### Computation of annihilating ideals by kan/sm1 and ox_asir

Let be the ring of differential operators. For a given polynomial , the annihilating ideal of is defined as

Here, denotes the action of to functions. The annihilating ideal can be regarded as the maximal differential equations for the function . An algorithm to determine generators of the annihilating ideal was given by Oaku (see, e.g., [16, 5.3]). His algorithm reduces the problem to computations of Gröbner bases in and to find the minimal integral root of a polynomial. This algorithm (the function annfs) is implemented by kan/sm1 [19], for Gröbner basis computation in , and ox_asir, to factorize polynomials to find the integral roots. These two OpenXM compliant systems are integrated by the OpenXM protocol.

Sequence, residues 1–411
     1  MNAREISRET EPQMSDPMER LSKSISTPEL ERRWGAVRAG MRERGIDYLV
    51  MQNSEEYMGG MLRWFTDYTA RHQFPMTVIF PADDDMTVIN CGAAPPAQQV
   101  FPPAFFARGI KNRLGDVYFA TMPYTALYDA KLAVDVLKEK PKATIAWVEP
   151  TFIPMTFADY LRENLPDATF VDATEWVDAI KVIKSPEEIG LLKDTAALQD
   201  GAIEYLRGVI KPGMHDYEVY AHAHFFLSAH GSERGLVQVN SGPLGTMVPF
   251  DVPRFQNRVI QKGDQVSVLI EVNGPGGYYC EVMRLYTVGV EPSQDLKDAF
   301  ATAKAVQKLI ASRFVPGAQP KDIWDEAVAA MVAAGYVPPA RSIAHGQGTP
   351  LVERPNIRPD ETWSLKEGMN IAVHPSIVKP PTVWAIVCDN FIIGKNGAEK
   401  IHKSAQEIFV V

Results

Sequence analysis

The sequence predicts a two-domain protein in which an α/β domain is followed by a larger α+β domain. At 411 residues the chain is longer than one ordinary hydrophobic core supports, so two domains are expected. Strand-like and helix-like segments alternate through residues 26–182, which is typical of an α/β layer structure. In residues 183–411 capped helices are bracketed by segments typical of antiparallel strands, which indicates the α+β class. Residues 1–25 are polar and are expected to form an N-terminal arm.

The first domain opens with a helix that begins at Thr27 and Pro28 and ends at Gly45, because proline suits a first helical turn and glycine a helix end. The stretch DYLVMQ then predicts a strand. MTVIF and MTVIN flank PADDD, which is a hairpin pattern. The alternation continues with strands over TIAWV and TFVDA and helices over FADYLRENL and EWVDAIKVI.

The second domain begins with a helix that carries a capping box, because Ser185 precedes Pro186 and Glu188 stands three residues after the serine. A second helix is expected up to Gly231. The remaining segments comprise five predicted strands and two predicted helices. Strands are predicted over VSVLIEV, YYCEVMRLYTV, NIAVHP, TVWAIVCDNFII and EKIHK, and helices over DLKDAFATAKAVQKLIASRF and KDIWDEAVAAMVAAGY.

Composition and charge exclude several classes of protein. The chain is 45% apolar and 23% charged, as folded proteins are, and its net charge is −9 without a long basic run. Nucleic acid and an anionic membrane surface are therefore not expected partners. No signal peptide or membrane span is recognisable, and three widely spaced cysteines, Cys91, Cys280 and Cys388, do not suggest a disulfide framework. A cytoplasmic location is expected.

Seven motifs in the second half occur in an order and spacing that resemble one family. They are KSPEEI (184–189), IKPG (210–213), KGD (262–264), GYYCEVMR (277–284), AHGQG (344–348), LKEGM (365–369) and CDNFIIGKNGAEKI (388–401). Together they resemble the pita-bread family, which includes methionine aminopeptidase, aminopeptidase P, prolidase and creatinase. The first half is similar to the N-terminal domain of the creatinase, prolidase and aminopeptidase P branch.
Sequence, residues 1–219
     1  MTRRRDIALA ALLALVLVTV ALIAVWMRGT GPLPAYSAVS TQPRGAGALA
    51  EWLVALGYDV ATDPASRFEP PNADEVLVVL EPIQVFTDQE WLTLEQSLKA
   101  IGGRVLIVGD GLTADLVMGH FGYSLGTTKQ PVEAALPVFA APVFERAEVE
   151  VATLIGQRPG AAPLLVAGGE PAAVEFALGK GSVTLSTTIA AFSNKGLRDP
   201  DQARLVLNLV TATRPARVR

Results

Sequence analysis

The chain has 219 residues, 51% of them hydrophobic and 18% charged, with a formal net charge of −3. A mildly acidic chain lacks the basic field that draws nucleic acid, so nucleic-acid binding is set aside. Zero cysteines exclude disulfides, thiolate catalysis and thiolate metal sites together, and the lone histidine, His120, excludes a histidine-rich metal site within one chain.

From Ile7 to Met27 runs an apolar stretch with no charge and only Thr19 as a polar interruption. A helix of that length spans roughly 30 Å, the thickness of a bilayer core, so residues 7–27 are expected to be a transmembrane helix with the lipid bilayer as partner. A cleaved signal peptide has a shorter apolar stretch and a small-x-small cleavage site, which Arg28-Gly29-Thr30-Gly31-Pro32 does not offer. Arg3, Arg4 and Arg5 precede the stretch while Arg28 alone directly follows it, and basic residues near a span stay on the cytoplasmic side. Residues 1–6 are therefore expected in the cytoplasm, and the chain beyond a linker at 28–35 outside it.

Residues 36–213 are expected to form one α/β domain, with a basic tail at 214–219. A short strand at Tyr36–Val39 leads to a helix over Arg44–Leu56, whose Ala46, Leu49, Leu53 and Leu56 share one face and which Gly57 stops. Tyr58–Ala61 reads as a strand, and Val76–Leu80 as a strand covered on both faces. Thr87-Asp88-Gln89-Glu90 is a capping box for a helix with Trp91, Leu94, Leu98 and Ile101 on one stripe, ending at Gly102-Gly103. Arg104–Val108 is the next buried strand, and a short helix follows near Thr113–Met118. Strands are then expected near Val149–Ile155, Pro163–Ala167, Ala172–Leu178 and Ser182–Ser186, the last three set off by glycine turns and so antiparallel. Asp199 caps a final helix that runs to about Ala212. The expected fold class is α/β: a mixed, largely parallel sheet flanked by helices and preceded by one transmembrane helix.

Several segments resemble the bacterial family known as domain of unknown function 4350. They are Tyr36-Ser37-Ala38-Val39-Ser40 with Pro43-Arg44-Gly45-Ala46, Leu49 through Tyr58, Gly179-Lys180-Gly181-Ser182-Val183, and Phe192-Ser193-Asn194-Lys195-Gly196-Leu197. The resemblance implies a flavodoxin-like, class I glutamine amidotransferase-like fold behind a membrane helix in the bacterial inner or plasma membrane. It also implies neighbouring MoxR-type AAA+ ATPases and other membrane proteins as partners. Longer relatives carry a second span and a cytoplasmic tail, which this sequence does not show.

For example, the following is a sm1 session to find the annihilating ideal for .

sm1>[(x^3-y^2 z^2) (x,y,z)] annfs ::
Starting ox_asir server.
Byte order for control process is network byte order.
Byte order for engine process is network byte order.
[[-y*Dy+z*Dz, 2*x*Dx+3*y*Dy+6, -2*y*z^2*Dx-3*x^2*Dy,
-2*y^2*z*Dx-3*x^2*Dz, -2*z^3*Dx*Dz-3*x^2*Dy^2-2*z^2*Dx],
[-1,-139968*s^7-1119744*s^6-3802464*s^5-7107264*s^4
-7898796*s^3-5220720*s^2-1900500*s-294000]]

The last polynomial is factored as and the minimal integral root is as shown in the output.

Similarly, an algorithm to stratify singularity [13] is implemented by kan/sm1 [19], for Gröbner basis computation in , and ox_asir, for primary ideal decompositions.

Nobuki Takayama 2017-03-30